This week’s financial press has carried several reports that Adidas AG is actively seeking a buyer for parts of its golf unit, after years of slumping sales.
The Wall Street Journal, Bloomberg and others say that a strategic review finished in March convinced the German sportswear maker’s board that it should divest its Taylormade-Adidas Golf, Adams and Ashworth golf brands which largely produce golf hardware. The company would continue to focus on golf apparel and footwear through its Adidas Golf brand.
Taylormade-Adidas Golf, which Adidas bought along with Salomon in 1997, used to be one of the company’s top performing business units and is still the market-leading golf brand.
Ashworth was bought by Adidas for $72.8 million in 2008, and Adams Golf for $70 million in 2012.
Outgoing Adidas Chief Executive Officer Herbert Hainer is cleaning up Adidas’s operations as he sets the table for Kasper Rorsted, who takes the reins in October.
‘‘The golf market is not growing at the moment but it’s also not falling further,” Hainer said during a call with reporters. The portion Adidas plans to keep is producing solid returns and the company is cutting labour and manufacturing costs, the CEO said.
“TaylorMade is a very viable business,” Hainer said. “However, we decided that now is the time to focus even more on our core strength in the athletic footwear and apparel market. I am convinced that TaylorMade offers attractive growth opportunities in the future. At the same time, the planned divestiture will allow us to reduce complexity and focus our efforts on those areas of our business that offer the highest return.”
The company hired Guggenheim Partners LLC last year to look at options for the business. Golf equipment may have posted a nearly 100 million-euro loss last year, some analysts have estimated.
Writing in Yahoo Finance, sports business specialist Daniel Roberts reports on an interview with Mark King, CEO of Adidas USA. King was TaylorMade’s CEO before he left to run Adidas in the U.S. in 2014.
“”I think the decision was made to sell it,” King says, “because the company has realized that we should be focusing on the biggest growth opportunities. And the biggest growth opportunities are in running, training, basketball. And we have a lot of runway in those. As opposed to being in something that is harder to focus on.”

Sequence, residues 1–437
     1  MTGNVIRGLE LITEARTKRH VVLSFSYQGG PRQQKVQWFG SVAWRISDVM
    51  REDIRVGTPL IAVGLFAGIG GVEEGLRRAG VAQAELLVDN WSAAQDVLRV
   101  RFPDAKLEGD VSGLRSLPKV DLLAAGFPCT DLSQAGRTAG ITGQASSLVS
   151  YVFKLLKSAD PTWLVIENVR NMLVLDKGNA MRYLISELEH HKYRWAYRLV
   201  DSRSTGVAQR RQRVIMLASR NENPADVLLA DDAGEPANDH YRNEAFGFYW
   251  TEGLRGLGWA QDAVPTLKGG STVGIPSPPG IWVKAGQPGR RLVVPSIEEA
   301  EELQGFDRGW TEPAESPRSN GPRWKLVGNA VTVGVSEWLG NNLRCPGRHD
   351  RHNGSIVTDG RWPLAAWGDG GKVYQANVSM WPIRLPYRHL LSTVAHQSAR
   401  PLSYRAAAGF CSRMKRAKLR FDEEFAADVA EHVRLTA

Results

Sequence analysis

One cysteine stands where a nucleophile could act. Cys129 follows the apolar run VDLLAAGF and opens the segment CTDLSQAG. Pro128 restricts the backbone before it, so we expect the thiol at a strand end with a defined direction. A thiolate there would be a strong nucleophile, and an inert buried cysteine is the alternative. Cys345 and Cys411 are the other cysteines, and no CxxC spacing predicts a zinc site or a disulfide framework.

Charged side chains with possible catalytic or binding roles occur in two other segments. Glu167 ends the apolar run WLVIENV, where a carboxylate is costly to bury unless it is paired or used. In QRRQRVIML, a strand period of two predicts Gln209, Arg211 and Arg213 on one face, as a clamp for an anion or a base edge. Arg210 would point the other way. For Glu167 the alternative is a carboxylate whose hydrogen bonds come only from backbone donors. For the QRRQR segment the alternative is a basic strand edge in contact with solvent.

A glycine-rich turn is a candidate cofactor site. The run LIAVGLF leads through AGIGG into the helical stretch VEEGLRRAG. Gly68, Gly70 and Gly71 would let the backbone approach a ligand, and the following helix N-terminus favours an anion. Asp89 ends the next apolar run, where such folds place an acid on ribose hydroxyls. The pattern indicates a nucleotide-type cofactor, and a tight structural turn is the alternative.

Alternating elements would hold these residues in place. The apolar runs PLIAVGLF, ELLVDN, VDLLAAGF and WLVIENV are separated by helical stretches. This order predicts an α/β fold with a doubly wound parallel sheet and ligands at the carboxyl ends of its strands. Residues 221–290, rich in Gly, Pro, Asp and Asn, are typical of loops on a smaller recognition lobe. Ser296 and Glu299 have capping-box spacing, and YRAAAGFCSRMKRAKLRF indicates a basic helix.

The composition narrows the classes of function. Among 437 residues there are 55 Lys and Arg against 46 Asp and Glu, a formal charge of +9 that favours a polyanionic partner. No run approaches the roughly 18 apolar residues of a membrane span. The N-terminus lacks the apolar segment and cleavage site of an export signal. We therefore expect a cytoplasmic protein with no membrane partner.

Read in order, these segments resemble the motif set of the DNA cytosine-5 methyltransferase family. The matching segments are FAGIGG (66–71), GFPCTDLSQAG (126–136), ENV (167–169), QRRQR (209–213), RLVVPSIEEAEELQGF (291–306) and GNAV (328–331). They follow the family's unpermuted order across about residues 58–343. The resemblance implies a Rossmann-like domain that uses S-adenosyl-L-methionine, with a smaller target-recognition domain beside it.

Harder to focus on? In other words, golf equipment is a bad business these days (despite Hainer’s insistence to the contrary)? “It is,” King says. “And that was the realization.”
As the former TaylorMade chief, King has had a hand in the many efforts to attract new fans to the sport of golf and change the downward trend. Two years ago, along with the National Golf Foundation, King helped launch Hack Golf, an open invitation to innovations that might grow the game. The most notable of those was a larger, 15-inch hole that some hoped would lure young kids to try an easier version of the game. It was met with ridicule in some parts of the sport.
The drop in equipment sales, the drops in TV viewership of some of golf’s four Majors, and the closing of courses are all connected. If participation can rise, and fan interest can rise, club sales will rise, too, writes Roberts.
So what does the way forward look like?
“I just think any category runs its play until the play doesn’t work anymore,” King says. “And then it’s forced to ask, Do we need to do things differently? Tennis did that. Bowling did that. Skiing did that. And I think that’s where the game of golf is today. It needs to change some of the entry points to the game to attract new consumers. And I think golf will find a way to do that, whether that takes five years or 10 years.”
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